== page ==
Opposite St George’s Hall is the North Western Hall student accommodation, which opened in 1996, was once one of the grandest hotels in Liverpool.
Designed in a Renaissance style by eminent Aigburth born architect Alfred Waterhouse, building of the North Western hotel commenced in 1868. It was part of an overall development of Lime Street station by the London & North Western Railway Company that saw four platforms added and also a new roof structure.
There were concerns that Waterhouse would design something so grand it would outshine St George’s Hall, but that didn’t turn out to be the case. A prominent feature though was two towers in the middle that were very similar to Tower Bridge. Inside the hotel was airy, light and spacious with a large grand staircase taking guests to the upper floors. In addition to the 200 bedrooms there were billiards, smoking and reading rooms which were elegantly but not extravagantly furnished by local companies.
The first managers of the hotel when building was complete in February 1871 were Mr & Mrs Bisserot, formerly of the Angel Hotel in Dale Street. The opening was a private affair, with a banquet for invited guests before the public were allowed in on the 1st March. Being next to Lime Street station, the hotel received many guests staying overnight before taking trains, having often just disembarked from a Trans-Atlantic liner. One of the first notable guests was Robert Cumming Schenck, who was appointed United States Minister to England in June that year and stayed after disembarking from the Cunard liner Cuba, on which he had sailed from New York.
Two years after its opening, there was a tragedy at the hotel when a London businessman, 40 year old Charles Woodcock, committed suicide by jumping fifty feet from his fourth floor bedroom window on 30th April 1873. The following month though there was a happier event at the hotel when it received its first royal guest, King Leopold II of Belgium, who stayed there for one night on a brief visit to Liverpool that included a tour of the Sailor’s Home and trip across the Mersey to Cammell Laird shipbuilders. In June 1873 the Shah of Persia was at the hotel although not as an overnight guest. Instead he just took refreshments there after a day visit to Liverpool, prior to boarding a train to Trentham where he was staying with the Duke of Sutherland.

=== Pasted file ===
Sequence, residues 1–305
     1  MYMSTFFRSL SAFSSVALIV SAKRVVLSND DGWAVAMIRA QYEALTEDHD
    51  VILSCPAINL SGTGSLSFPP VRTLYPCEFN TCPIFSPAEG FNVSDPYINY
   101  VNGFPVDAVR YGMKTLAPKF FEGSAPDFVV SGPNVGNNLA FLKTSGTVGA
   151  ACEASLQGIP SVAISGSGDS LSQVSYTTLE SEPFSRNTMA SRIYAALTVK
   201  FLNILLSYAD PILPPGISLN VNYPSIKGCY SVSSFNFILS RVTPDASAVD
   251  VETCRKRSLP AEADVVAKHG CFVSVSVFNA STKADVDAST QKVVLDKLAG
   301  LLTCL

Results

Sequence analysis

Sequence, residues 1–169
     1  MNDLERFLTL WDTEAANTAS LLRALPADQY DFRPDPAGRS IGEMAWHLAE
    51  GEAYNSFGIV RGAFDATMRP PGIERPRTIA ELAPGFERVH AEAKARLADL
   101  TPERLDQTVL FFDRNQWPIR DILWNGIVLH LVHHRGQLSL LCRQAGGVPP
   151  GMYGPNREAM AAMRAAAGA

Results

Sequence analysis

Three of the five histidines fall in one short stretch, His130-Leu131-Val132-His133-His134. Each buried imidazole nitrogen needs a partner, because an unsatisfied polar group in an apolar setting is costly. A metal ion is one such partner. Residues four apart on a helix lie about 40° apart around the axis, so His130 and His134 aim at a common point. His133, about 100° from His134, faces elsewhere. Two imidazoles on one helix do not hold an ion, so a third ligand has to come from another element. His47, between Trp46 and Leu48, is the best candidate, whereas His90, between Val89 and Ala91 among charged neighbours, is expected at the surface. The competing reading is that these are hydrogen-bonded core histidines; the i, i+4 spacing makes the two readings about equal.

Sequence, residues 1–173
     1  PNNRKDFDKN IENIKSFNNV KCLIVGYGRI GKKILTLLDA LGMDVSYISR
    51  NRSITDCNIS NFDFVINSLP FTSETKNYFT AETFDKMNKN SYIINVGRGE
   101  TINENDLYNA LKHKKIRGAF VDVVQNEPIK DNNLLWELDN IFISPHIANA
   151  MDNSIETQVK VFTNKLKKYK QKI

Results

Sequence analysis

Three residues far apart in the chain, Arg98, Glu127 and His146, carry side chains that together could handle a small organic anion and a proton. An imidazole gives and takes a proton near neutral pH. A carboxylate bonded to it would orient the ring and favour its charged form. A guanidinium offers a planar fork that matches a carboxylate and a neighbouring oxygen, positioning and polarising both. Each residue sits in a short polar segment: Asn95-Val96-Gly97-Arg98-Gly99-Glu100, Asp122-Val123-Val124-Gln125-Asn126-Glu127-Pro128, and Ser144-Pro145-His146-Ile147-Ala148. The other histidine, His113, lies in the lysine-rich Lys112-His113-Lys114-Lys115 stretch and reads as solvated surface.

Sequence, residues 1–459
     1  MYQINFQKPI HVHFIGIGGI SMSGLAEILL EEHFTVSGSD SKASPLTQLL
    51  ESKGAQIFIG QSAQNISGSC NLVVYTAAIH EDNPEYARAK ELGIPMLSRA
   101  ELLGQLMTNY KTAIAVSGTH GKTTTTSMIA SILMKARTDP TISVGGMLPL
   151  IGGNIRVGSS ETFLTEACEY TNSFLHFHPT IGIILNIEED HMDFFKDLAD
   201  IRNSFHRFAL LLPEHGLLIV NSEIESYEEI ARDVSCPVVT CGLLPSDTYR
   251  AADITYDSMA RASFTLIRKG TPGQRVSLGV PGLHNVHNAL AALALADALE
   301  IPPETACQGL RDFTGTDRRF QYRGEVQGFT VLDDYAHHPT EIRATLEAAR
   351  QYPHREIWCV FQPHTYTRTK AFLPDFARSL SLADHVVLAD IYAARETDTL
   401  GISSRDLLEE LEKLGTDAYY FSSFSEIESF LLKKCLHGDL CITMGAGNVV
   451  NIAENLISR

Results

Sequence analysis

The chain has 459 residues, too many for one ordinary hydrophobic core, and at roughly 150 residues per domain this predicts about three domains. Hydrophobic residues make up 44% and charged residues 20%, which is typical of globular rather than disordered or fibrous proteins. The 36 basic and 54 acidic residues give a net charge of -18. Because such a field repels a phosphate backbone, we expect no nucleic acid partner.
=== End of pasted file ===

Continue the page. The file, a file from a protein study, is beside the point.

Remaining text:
The rest of the decade saw plenty of other distinguished guests. In July 1875 Bargash bin Said, the Sultan of Zanzibar and his entourage took up a suite of apartments on a three day visit to Liverpool, during which he attended a luncheon in his honour at the Town Hall and took some trips on the River Mersey. The hotel found itself the target of criminals on a number of occasions. The same month that the Sultan of Zanzibar visited staff noticed that a Mr Elliot from Whitchurch, who was a regular guest, always left with luggage having arrived with none and he was soon arrested and committed for trial on theft charges. A strange theft occurred in June 1875 when a plumber doing work there stole a chicken from the kitchens and was sentenced to one months hard labour.
Being opposite St George’s Hall where assize trials took place, the hotel was a popular place to stay for many of the lawyers involved and also journalists from the national newspapers. In 1931 Roland Oliver, defence barrister stayed there for the duration of the trial of William Wallace who was accused of murdering his wife in Anfield. In a case that made legal history, Wallace was found guilty only for the High Court to overturn the verdict on the grounds that the jury reached their conclusion despite the evidence suggested an acquittal was needed.
Just two years later though the hotel closed and remained empty for sixty years before it was finally opened again in 1996, after being converted into student flats with accommodation for 250.